Armed with a pen: the dangers of being a journalist


The brutal murder of Saudi Arabian journalist Jamal Khashoggi made international headlines in 2018. Khashoggi, most recently a writer for The Washington Post, was outspokenly critical of the Saudi government and Crown Prince Mohammed bin Salman. His refusal to be silenced led to his murder.

Khashoggi had worked as a journalist for the Saudi regime for thirty years. In this role, he was expected to serve as a tool for the regime, situating himself within their controlled attitude towards journalism. Indeed, he expressed support for many controversial facets of the Saudi government. His first confrontation against them came in 2011 when condemning the Saudi Arabian wealth fuelling counter-revolutions against the Arab Spring. Utilising Twitter, where Saudi voices could exercise most freedom, Khashoggi’s audience grew and grew, and his detailed knowledge of the ruling administration posed him as a serious threat to bin Salman. He was informed, impassioned and inaccessible, given his self-exile to the US in 2017. 

Khashoggi’s murder, as well as the international outcry which followed, sparked discussion of the perils of being an outspoken critic of an authoritarian regime. Journalists face heightened risk in many fields. More recently, Peter de Vries, a Dutch investigative journalist advising on a case involving a notorious Dutch-Moroccan criminal, was shot in the head on 6th July 2021 and died shortly after. The investigation into his assassination is still ongoing. Though a certain degree of threats, tails, or intimidation may be expected when investigating dangerous figures, it has recently been revealed that participating in such investigations may lead to an unprecedented extent of surveillance,  and potential for attack.

An attack is impossible to prevent and difficult to identify

Pegasus is a phone hacking software that can activate a phone’s camera and microphone, pinpoint location, and record calls and messages, converting a phone into a surveillance device without the user even realising that such software has been downloaded. A consortium of seventeen prominent media outlets known as the Pegasus Project exposed that journalists, activists, and dissidents are being targeted by governments using this software.

The developers of Pegasus, an Israeli company named NSO, sell this software to 40 unnamed countries across the world. Though they insist that the purpose of Pegasus is to investigate criminals and known terrorists, a data leak in July 2021 brought to light that tens of thousands of phone numbers selected to be investigated belong to people with no known connection to any criminal activity. Analysis into the data leak suggests that Pegasus is being abused by some NSO clients to spy on political rivals, pro-democracy activists, and journalists investigating corruption. As Pegasus manipulates yet unidentifiable weaknesses in phone software, an attack is impossible to prevent and difficult to identify.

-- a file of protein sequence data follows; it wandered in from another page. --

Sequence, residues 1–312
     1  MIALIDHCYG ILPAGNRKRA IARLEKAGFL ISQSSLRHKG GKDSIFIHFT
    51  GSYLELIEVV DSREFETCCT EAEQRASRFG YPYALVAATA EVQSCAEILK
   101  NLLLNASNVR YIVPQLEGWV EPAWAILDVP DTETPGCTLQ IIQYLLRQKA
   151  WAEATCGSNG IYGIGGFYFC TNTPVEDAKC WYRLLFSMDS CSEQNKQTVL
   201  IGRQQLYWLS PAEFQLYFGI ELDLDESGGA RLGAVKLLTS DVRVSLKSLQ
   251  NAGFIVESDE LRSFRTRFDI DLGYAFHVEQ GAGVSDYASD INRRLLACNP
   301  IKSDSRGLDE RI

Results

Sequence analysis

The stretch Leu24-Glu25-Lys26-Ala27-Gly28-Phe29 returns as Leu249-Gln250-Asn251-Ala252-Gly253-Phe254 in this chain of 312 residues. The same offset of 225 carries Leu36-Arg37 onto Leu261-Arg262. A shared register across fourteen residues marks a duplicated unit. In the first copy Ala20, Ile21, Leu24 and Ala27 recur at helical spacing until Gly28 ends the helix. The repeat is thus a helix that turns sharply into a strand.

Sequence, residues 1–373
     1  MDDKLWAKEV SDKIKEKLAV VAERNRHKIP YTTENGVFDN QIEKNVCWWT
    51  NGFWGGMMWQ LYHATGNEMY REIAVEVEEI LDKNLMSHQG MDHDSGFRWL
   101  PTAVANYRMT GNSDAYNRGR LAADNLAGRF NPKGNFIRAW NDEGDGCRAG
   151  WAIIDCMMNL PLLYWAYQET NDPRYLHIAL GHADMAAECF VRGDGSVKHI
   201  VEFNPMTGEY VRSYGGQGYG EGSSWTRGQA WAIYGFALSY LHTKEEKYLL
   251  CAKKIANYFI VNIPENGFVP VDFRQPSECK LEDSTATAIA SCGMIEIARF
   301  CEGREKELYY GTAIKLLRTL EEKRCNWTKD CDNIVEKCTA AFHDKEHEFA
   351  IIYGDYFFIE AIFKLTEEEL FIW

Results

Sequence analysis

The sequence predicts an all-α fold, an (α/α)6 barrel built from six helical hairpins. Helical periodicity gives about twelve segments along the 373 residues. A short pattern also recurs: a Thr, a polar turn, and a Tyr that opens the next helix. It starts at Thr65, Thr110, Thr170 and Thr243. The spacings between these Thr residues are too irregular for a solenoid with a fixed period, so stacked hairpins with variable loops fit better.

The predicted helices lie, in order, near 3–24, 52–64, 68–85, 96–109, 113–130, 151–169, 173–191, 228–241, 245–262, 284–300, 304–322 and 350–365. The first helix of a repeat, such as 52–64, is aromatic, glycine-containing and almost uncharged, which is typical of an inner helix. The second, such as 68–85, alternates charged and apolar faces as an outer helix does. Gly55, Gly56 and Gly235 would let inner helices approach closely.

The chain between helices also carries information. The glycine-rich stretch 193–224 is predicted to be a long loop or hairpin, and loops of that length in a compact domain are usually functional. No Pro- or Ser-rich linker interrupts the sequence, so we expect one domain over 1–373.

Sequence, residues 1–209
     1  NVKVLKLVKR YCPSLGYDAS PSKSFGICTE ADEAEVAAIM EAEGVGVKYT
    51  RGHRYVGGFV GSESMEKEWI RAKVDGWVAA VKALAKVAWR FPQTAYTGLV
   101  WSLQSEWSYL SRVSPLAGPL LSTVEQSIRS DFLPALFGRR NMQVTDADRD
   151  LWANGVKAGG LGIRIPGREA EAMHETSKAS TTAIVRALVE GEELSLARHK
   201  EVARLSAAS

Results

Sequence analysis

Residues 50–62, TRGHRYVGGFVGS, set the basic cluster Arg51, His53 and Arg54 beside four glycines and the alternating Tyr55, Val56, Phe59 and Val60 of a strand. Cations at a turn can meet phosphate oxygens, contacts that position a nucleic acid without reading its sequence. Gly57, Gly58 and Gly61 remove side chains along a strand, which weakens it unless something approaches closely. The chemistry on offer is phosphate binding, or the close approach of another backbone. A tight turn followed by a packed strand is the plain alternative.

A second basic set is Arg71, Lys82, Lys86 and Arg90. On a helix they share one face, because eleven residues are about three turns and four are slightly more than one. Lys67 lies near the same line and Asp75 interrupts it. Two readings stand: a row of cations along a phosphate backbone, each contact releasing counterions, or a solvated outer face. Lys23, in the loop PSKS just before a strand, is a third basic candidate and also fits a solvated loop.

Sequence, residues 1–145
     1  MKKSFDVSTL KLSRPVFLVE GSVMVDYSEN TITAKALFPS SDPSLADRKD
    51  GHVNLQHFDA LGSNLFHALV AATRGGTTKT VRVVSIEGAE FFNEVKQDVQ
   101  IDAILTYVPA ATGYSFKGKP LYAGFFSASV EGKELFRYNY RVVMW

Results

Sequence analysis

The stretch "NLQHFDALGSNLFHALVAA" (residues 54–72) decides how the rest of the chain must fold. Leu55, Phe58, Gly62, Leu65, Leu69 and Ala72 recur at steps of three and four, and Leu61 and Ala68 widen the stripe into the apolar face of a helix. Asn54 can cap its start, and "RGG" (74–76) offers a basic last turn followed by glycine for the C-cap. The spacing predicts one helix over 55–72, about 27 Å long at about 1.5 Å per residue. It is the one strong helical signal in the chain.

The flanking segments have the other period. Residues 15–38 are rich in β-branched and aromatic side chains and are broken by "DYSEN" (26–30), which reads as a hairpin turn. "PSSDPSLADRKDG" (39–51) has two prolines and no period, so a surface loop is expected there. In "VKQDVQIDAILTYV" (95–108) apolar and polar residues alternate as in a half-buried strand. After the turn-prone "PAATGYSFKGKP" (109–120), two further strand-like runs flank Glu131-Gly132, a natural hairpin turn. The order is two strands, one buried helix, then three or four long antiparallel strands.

More than 180 journalists were listed in the leaked data, meaning they have been selected for surveillance by Pegasus. The list also included close associates of Khashoggi, as well as the prosecutor investigating his death. Cecilio Pineda Birto, a Mexican reporter killed in a carwash in 2017 hours after broadcasting about corruption within local police, was also on the list, selected for surveillance in the months before his murder. It is unknown whether his phone was successfully infected with Pegasus software; NSO has argued that even if so, his location may have been discovered through other methods.

It is impossible to understate the strength of the individuals who fight to describe the realities that they observe

In America, although NSO technology cannot affect phones with the +1 country code, the freedom of the press can at times be uncertain. Despite the country’s historical emphasis on freedom of speech, Donald Trump’s presidency encouraged hostility towards the press. The Trump administration was recently revealed to have seized the phone and email records of several journalists in 2017, who were working on reports concerning the Trump campaign’s connections to Russia. By attempting to identify sources disclosing classified information, such invasive investigations jeopardise their safety and anonymity, as well as the reporter-source relationship.

However, the risk facing American journalists pales in comparison to those elsewhere; Mexico was the deadliest country for journalists in 2020, surpassing the death count for journalists in warzones. Reporters such as Pineda, who investigate the collusion between state officials and organised crime groups, render themselves vulnerable to attacks in a country where protection for journalists under threat is limited.

It is impossible to understate the strength of the individuals who fight to describe the realities that they observe, despite potentially fearsome consequences. Journalism is essential for citizens to be able to think for themselves and form their own opinions; if the narrative is shaped through silencing certain facts, by silencing certain people, what and who can we trust? 

Image: Hasan Jamali via ABC

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